So we took this wood, which could otherwise yield a very floral, fruity, almost Borneo-like character if it were steam distilled without a soaking period prior to the distillation, and we distilled from it... Oud Mostafa… or at least we tried to.
Those of you who like the powerful, incredibly robust note in this legendary oil, will find in the Oud Mostafa Experiment something of a paradox. You find a young tree (relative to Oud Mostafa, 40 years is still young) in which the animalic note is taken to the extreme.
In order to give you a further insight into the nature of agarwood production and something of a crash course in the fermentation and distillation of agarwood, we used two different cooking methods with three different types of soak, and distilled four separate batches from the same tree.
For the soak (a.k.a. fermentation period) distillers the world over use plastic barrels. We asked several artisans why they don’t alternate between different materials, and they explained that they don’t like how other materials interfere with the scent profile of their oils. I suspect, though, that most of them simply haven’t tried anything other than plain plastic. Plus, some ‘inteference’ might be exactly what we’re looking for!
In addition to the standard plastic, we were keen to get barrels made from clay and ceramic for our study. Tracking down these kind of materials was easier said than done, since the small towns along the Thai countryside aren’t exactly overflowing with pottery stalls. But eventually we found a roadside pottery from which we got both our ceramic and clay barrels. Driving back to the distillery, we realized that plastic barrels are simply a far more convenient option. The ones we’d just bought were far heavier and many times more expensive than the standard plastic wares.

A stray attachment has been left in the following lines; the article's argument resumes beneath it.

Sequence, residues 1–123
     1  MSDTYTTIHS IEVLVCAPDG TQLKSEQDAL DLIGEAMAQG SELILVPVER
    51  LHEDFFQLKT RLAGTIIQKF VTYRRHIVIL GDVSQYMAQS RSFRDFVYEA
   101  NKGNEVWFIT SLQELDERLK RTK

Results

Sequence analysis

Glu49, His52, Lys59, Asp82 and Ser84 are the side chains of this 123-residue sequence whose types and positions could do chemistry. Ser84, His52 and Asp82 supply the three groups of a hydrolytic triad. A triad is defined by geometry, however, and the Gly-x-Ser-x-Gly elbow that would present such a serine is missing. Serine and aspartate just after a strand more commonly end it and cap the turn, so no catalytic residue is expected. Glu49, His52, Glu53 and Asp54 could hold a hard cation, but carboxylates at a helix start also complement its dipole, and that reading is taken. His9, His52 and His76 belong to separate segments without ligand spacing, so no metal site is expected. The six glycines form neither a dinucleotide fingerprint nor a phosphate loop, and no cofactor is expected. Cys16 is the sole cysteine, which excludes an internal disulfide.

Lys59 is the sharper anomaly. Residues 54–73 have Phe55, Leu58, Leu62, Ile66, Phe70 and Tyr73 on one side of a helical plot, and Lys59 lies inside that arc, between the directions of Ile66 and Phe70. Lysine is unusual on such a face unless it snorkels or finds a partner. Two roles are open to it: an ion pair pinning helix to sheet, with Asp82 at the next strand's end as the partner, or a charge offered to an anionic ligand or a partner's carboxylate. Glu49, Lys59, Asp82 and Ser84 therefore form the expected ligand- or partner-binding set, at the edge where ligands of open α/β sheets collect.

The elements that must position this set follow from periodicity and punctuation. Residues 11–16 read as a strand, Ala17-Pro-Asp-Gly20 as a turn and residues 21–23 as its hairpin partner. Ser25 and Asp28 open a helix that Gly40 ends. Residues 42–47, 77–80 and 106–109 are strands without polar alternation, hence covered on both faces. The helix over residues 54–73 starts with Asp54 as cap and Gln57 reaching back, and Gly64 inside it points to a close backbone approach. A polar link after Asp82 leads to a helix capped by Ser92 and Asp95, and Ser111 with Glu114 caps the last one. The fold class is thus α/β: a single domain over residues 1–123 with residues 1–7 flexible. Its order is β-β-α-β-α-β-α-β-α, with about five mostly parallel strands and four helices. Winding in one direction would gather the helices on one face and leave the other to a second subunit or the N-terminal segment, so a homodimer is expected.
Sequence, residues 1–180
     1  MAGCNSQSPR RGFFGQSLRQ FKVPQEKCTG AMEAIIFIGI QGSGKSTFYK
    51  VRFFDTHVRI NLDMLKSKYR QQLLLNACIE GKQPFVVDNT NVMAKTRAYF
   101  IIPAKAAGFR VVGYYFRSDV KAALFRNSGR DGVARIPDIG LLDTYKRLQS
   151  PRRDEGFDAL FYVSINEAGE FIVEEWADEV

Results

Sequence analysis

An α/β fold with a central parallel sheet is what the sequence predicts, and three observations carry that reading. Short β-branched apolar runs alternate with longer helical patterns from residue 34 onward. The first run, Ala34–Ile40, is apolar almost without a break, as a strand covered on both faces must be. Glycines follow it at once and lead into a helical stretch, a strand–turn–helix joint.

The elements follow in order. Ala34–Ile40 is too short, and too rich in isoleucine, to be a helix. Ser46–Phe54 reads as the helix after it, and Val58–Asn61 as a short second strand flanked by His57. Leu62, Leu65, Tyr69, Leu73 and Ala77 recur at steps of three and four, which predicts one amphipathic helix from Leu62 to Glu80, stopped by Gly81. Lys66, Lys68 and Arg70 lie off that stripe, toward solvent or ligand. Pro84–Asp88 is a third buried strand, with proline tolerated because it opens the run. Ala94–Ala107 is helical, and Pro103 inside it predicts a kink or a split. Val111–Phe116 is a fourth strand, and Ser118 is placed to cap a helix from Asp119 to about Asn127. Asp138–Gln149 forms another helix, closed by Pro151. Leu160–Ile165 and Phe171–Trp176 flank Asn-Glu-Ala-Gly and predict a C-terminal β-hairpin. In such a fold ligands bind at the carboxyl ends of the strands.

We’d just finished processing and grinding the wood from our freshly harvested tree, and with our pots being unloaded from the pick-up, we had everything in place for our distillation… the first of its kind.
To illustrate how fermentation and distillation play a role in the notes that come out in agarwood oil, we decided on the following design: we divided the dust that we ground up from the 40 year-old tree into four batches. The first batch would be soaked in a plastic barrel and then cooked in a steel boiler. The second batch would be soaked in plastic, too, but cooked in a copper pot. We would then immerse the third batch in a clay barrel, and cook it in a steel pot. For the final batch, we’d use another steel pot, with the dust immersed in ceramic.
Several months after the harvest, we collected the last drops of oil, rounding off the Oud Mostafa Experiment. All that was left to do was to filter the four batches before we could finally dive into the fragrance of each. We invite you to join us in this study.
Choose between four bottles of oud, or buy all four to own the set:
Option 1: plastic soak, steel distil; 2.5 grams.
Option 2: plastic soak, copper distil; 2.5 grams.
Option 3: ceramic soak, steel distil; 2.5 grams.
Option 4: clay soak, steel distil; 2.5 grams.
The oil I started enjoying the most is Mostafa Experiment No 2, it has this delicious calamus/grapes/yellow plums/apple juice/pineapple aroma. – Andrej, Croatia